During seminary, the topic of forgiveness (both divine and interpersonal) was one to which I devoted a lot of time and study. So I was excited to see a new publication treating the subject from Kregel Publications.
In Forgiveness and Justice, Dr. Bryan Maier addresses the subject from the perspective of a professor, minister, and counselor. Of those three areas, the counseling focus and background come through most strongly. While there is engagement with the Biblical text, the book is not primarily academic. While there are clear applications to the use of these ideas in the context of a church body, it is not the main focus of the book. It is the counseling arena that informs the main ideas of the book and that receives the most attention.
Of particular note is Maier’s treatment of how the Imprecatory Psalms impact our idea of forgiveness. For instance, he discusses how and what we ask victims of abuse to do as they consider their situations and whether there can be any forgiveness there.
I found the book to be interesting and yet not what I expected. If I had come to it knowing more about its approach (more counseling than academic or pastoral) I feel that I would have benefited more from it.
Dr. Maier does a good job breaking down the idea of forgiveness, questioning what it is and is not, and forming a detailed definition that will give the reader much to consider. His expertise and experience with the topic are clear, and the book is written clearly and succinctly. I enjoyed it despite it not being exactly what I thought it might be.
3.5 stars out of 5
Dr. Bryan Maier. Forgiveness and Justice. Grand Rapids: Kregel Publications, 2017. 230 pp. $16.99.
Thanks to Kregel Publications for the review copy, which I received for free in exchange for an impartial review!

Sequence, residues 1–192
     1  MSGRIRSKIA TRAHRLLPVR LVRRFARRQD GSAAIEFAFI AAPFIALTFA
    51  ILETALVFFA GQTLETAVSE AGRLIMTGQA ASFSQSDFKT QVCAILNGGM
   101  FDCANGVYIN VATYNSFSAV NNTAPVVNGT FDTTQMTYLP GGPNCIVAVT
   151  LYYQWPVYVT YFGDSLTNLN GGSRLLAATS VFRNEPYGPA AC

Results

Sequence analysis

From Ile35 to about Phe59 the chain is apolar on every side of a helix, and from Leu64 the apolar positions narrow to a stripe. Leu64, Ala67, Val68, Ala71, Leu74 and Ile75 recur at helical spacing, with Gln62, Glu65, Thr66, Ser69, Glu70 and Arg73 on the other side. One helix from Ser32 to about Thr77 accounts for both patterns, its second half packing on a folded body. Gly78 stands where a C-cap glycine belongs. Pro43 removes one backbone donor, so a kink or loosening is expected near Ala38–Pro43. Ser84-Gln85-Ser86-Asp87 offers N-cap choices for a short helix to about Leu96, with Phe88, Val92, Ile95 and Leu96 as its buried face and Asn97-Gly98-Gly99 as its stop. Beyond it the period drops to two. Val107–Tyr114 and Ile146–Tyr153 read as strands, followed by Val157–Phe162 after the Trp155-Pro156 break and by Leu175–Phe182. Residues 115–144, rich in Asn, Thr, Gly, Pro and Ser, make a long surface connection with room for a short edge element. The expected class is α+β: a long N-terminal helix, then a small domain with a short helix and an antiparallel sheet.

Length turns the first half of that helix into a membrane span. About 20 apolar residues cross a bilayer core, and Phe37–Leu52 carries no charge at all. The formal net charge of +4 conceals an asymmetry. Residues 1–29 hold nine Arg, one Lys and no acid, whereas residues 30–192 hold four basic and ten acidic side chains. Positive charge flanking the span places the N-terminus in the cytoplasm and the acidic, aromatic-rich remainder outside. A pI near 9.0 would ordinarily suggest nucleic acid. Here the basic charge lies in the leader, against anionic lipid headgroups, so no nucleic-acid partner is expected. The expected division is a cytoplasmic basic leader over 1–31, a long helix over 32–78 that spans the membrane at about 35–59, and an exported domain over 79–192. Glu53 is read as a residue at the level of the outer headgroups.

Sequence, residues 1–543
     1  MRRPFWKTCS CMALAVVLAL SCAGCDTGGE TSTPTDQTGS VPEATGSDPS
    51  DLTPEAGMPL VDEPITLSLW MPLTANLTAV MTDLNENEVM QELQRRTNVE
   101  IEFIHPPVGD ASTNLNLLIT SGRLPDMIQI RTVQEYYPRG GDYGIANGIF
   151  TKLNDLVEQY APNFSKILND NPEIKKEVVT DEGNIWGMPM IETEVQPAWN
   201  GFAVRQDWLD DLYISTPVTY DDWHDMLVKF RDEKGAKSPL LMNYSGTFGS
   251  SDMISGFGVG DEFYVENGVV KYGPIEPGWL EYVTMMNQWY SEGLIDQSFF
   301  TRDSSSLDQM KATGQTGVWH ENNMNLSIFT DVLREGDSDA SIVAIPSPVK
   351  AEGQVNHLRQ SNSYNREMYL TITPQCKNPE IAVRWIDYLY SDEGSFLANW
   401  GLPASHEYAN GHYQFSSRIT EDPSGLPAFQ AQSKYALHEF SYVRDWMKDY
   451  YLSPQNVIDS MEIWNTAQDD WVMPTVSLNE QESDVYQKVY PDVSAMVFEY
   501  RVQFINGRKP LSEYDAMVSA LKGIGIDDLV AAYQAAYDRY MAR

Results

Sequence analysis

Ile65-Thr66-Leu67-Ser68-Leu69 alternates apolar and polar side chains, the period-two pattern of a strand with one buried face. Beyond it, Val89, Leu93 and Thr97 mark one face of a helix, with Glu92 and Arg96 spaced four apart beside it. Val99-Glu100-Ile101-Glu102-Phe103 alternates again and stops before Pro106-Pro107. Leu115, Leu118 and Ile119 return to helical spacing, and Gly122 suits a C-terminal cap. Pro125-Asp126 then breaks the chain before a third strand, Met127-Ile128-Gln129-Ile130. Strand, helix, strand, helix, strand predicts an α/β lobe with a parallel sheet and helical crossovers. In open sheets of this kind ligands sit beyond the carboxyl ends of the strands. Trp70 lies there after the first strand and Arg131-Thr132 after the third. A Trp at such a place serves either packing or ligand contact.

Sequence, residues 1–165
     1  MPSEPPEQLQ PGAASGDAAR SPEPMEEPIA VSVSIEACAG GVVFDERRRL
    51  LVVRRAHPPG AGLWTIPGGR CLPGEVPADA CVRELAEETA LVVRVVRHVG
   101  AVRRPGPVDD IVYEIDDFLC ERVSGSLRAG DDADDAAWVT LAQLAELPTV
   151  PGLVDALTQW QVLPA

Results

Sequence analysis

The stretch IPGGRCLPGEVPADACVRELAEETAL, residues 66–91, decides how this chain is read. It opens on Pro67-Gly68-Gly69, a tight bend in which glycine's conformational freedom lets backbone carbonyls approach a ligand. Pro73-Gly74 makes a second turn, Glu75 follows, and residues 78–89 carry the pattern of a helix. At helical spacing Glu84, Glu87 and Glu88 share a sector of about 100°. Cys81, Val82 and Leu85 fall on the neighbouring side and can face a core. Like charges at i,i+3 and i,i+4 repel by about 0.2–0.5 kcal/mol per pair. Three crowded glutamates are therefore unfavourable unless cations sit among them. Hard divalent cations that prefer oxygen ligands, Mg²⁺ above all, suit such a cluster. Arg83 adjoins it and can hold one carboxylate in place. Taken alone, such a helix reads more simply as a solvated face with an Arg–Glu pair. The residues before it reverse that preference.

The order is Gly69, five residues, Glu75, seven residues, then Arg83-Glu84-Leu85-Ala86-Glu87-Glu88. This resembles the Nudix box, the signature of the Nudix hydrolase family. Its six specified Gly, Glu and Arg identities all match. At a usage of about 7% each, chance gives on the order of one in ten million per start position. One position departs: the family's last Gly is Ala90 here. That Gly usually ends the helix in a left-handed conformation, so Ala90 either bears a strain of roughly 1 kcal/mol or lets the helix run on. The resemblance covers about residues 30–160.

In Go Set a Watchman, we return along with Jean Louise “Scout” Finch to Maycomb, Alabama. But we, like Scout, discover all is not as we left it when we last were there.
Time has changed Maycomb, and Scout isn’t so sure she likes what she finds. The reader, too, will be challenged by the change and forced to wrestle with uncomfortable realities. To Kill A Mockingbird has become our culture’s parable of the evils of systemic racism and the honor, nobility, and goodness of one man’s quixotic stand against that system in the name of justice. But can we and can Scout still love the man who steps out of that parable and into our real, flawed, and broken world?
A heavy, heartbreaking, and raw read that asks us to take a look at ourselves and honestly assess what we see.
4 stars out of 5.
Here are five quotes to give you a taste of Scout’s return to Maycomb.
1. Scout wrestles with doubt
…How can they devoutly believe everything they hear in church and then say the things they do and listen to the things they hear without throwing up? I thought I was a Christian but I’m not. I’m something else and I don’t know what (167).
2. Blindness as a major theme for Scout.
Blind, that’s what I am. I never opened my eyes. I never thought to look into people’s hearts, I looked only in their faces (181).
3. Scout’s esoteric uncle on the perils of big government.
The only thing I’m afraid of about this country is that its government will someday become so monstrous that the smallest person in it will be trampled underfoot, and then it wouldn’t be worth living in (198).
4. Atticus and Jean Louise at odds.
JL: Don’t you give me any more double-talk! You’re a nice, sweet, old gentleman, and I’ll never believe a word you say to me again. I despise you and everything you stand for.
A: Well, I love you (253).
5. A man’s conscience is his watchman.
Every man’s island, Jean Louise, every man’s watchman, is his conscience (264-5).